why do you get a cold in early pregnancy
Among signs of pregnancy like implantation bleeding, changes in vaginal discharge, and a high basal body temperature for more than two weeks, one other sign of pregnancy is feeling cold. You might also have back pain, feel lethargic, and have other symptoms that are typically seen before the onset of a flu. You might still be in doubt feeling cold is a sign of pregnancy? Let s look at what this is really all about. In the early stage of pregnancy, under the influence of the hormone progesterone, the basal body temperature increases and continues to stay in a high range for more than 2 weeks. As a result of your high body temperature, you might feel that the surrounding temperatures are lower. Also, the chills you feel all over your body might remind you of the chills you feel before you get a flu, and as a result, you might feel a little feverish or a little tired. You won t have a high body temperature throughout the whole of pregnancy only until around Week 16. Once the placenta is completed, your body temperature will slowly drop and return to its usual levels. The changes in hormone levels can be extreme during the early stage of pregnancy, and the changes in your autonomic nervous system could cause you to feel like you re losing control of your body when these signs appear. As a result of these changes, you might become more sensitive to lower temperatures and the cold. Insufficient blood flow to the brain can result in dizziness or temporary loss of consciousness. When you re pregnant, blood might not be able to circulate around the body well because of various reasons, and at times blood flow to the brain is reduced for a moment, and this can also be accompanied by low blood pressure or the chills.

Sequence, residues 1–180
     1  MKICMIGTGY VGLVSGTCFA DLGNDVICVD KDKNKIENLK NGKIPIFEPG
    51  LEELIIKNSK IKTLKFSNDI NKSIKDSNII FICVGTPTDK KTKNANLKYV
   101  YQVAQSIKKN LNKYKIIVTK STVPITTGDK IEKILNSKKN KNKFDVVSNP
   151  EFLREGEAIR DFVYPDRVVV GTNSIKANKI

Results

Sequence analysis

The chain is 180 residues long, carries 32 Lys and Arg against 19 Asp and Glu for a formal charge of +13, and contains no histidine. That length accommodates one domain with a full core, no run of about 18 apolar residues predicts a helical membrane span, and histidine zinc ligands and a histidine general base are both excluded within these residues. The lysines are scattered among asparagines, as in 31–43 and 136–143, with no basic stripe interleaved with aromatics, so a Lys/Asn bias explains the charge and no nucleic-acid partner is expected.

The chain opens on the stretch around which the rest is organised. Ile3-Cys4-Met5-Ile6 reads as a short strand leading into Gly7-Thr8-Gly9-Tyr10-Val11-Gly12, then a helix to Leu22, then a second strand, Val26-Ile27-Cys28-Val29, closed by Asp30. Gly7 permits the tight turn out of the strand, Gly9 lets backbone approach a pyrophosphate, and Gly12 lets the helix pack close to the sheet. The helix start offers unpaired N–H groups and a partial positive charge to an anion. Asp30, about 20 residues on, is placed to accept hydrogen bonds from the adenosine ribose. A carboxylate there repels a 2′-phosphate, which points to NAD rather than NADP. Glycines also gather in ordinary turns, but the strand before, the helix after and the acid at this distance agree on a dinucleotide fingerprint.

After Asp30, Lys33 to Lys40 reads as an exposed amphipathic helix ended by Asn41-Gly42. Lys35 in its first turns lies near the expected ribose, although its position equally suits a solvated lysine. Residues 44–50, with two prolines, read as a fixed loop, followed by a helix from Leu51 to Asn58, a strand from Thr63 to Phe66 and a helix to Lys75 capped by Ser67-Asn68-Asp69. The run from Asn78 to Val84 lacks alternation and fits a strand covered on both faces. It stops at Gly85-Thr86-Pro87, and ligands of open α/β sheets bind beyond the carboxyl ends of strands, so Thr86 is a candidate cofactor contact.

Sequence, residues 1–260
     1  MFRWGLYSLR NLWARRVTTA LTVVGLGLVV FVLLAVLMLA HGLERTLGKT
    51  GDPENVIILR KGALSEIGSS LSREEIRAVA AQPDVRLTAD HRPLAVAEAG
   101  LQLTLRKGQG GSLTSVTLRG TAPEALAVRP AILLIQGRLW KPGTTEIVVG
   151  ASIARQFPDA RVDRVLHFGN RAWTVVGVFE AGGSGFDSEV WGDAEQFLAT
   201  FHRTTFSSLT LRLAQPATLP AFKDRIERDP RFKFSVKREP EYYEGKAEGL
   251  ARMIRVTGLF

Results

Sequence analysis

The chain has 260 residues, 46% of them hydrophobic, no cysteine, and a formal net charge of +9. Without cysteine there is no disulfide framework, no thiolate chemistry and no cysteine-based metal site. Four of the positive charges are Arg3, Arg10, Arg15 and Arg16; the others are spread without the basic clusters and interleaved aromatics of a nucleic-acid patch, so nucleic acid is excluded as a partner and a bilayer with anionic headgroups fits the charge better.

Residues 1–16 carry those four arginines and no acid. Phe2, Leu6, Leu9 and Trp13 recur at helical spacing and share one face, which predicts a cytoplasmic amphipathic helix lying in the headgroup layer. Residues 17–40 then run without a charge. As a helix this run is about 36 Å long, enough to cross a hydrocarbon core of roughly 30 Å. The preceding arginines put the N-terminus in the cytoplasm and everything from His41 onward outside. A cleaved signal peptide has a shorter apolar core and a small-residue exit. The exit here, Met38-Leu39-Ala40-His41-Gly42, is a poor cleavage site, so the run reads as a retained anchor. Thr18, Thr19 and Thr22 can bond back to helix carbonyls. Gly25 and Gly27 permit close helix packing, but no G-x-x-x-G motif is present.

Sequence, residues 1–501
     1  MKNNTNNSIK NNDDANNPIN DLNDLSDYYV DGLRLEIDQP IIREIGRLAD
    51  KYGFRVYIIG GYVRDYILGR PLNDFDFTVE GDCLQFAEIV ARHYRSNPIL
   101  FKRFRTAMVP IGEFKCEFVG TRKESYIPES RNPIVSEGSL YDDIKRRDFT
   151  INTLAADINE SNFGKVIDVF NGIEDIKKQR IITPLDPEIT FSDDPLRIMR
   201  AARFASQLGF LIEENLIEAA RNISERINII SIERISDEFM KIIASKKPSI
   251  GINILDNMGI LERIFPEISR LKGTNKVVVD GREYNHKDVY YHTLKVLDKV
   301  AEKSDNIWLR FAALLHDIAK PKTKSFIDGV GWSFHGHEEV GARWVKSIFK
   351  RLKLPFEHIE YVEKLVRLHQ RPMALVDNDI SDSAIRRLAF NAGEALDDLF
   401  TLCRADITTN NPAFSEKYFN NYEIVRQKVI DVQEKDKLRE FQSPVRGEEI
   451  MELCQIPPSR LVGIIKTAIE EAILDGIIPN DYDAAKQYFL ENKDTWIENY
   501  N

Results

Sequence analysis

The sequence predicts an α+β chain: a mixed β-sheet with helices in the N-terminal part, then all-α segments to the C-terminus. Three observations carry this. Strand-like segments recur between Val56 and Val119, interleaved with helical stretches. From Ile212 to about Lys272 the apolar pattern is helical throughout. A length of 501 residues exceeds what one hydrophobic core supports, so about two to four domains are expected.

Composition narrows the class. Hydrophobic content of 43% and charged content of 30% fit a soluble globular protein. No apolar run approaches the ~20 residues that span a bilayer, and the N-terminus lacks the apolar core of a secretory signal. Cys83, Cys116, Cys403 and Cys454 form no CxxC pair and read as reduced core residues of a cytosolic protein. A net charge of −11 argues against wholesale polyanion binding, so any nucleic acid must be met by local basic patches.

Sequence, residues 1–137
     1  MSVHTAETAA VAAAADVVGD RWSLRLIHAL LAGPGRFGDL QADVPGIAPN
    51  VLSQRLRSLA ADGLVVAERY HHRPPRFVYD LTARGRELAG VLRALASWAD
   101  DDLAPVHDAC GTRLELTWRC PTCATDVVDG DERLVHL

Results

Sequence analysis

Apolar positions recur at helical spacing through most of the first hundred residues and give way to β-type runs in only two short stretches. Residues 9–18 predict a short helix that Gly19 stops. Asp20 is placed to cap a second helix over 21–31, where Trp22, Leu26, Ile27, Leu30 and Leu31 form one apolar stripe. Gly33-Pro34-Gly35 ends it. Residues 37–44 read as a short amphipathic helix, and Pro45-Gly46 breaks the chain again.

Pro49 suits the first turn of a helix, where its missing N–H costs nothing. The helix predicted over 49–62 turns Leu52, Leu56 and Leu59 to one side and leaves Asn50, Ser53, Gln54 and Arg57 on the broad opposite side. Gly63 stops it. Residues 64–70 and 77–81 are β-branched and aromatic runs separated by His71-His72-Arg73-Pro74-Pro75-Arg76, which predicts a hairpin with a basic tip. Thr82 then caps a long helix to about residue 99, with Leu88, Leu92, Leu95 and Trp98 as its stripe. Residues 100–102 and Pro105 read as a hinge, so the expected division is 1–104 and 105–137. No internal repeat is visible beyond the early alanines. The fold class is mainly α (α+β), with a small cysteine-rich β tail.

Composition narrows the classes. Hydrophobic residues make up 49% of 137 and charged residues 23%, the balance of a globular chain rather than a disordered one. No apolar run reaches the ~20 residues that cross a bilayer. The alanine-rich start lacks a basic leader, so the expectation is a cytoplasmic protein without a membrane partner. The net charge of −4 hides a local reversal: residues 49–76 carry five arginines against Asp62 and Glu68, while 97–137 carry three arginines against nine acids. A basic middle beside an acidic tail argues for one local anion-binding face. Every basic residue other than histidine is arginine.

In the early stage of pregnancy, some moms start having morning sickness and are unable to eat as much as they want to, or start having the chills because they arenвt taking in enough calories. If a cause of feeling cold is a high basal body temperature or morning sickness, you might be feeling chills going up and down your back, as if youвve caught a cold. Other signs of a flu bug, like fatigue or drowsiness, might be present, but if your throat is hurting, you have a cough and have been running a temperature of 99. 5 (37. 5 ) and above for some time already, then you should go to the doctorвs for a checkup. You might feel like you re chilled to the bones and your hands or feet are freezing cold if you have poor circulation. The lower half of your body isn t warm and you might have diarrhea as well. Try to warm your body up as much as possible. You might find yourself lying down more often and for longer periods of time throughout your pregnancy journey. The problem lies with having to stand up after a long period at rest if you stand up suddenly or get up into a standing position after lying down for a long time, you might feel dizzy and even have the chills and feel like puking at the same time. Cold during early pregnancy: How do I fight the cold? Keep your body warm, and this will help keep your blow flowing at a regular pace. When your body is cold, or when the weather gets cold, note the indoor heating or the air-conditioner you re using. Keep your feet warm with socks, and that ll help to keep your body warm as well. Ginger or root vegetables have the effect of helping to keep your body warm so make sure to drop by that section when you go grocery shopping, and make a conscious effort to eat more of them.